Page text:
Between the signing of two documents – the memorandum of understanding in July, 1967, and the A300 launch agreement in May, 1969 – the bold and visionary venture that was Airbus could have foundered at several turns.
Roger Béteille, Felix Kracht, Henri Ziegler and Franz-Josef Strauss faced repeated claims that a twin-engine passenger jet could not be operated safely over long distances. Three engines was still the accepted minimum, and in America new three-engine jets – the DC-10 and the Lockheed Tristar - were being developed which would be in direct competition to the A300.
To operate the A300, Béteille wanted a more powerful engine than was then available. Rolls-Royce was already developing a new engine, the RB211, aimed at the American market, and it pledged to build a version with more thrust, the RB207, for Airbus. As the months went on, however, it became clear that Rolls-Royce had overstretched themselves and were concentrating all their efforts – and funds – on the RB211. Development work on the RB207 had all but stopped: Airbus had no engine.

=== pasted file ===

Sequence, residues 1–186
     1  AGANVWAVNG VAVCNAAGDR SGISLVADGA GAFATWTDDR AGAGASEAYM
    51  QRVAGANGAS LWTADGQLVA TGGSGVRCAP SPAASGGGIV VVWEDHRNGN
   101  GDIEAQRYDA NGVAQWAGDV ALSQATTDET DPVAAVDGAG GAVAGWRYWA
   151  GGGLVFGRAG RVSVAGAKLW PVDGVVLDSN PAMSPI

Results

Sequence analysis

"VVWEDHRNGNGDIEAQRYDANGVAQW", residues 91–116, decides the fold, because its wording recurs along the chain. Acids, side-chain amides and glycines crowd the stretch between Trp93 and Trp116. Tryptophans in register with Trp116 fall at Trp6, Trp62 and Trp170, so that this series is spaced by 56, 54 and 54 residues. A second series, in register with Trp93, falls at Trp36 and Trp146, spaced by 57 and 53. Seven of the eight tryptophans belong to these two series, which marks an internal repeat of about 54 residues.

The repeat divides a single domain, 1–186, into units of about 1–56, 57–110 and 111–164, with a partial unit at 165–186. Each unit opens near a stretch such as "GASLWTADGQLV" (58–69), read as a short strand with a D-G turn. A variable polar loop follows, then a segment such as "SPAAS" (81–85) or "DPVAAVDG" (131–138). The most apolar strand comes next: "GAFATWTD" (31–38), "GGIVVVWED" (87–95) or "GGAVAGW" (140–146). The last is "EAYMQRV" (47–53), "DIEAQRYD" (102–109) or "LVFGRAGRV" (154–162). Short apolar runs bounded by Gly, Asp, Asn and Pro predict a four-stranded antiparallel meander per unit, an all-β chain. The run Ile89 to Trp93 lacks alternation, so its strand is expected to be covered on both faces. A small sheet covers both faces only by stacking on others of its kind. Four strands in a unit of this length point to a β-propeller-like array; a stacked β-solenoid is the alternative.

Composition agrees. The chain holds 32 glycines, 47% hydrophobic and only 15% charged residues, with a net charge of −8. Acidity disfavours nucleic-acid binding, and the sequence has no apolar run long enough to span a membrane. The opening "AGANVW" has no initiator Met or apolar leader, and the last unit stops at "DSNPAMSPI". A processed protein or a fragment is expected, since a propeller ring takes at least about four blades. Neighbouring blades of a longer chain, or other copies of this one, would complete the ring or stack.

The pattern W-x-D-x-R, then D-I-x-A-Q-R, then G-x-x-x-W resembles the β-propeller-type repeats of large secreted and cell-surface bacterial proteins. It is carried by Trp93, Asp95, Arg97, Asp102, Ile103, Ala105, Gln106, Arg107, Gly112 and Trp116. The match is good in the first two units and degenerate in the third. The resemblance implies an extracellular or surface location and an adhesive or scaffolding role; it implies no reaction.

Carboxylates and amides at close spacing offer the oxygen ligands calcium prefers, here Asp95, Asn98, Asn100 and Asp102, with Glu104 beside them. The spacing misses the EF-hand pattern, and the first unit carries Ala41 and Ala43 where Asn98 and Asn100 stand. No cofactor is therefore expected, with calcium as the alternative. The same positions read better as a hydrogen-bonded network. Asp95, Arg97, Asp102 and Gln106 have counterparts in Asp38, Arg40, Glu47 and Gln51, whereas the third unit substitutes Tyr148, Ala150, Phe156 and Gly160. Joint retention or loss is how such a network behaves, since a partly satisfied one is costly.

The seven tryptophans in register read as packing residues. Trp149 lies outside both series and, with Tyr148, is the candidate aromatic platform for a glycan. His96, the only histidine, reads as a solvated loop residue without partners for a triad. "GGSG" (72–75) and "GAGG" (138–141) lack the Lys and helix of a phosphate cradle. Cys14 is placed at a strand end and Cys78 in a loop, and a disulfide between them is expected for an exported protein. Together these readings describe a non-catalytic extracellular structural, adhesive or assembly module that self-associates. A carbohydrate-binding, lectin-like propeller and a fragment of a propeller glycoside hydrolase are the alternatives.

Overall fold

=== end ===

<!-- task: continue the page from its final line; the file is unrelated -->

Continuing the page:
Responding to market requirements
A significant withdrawal by Britain
Launch of the A300 programme
Some of Airbus’ early leaders – including Bernard Lathiere, Felix Kracht, Bernard Ziegler and Roger Beteille – reflect on the milestone A300 programme in this series of retrospective videos.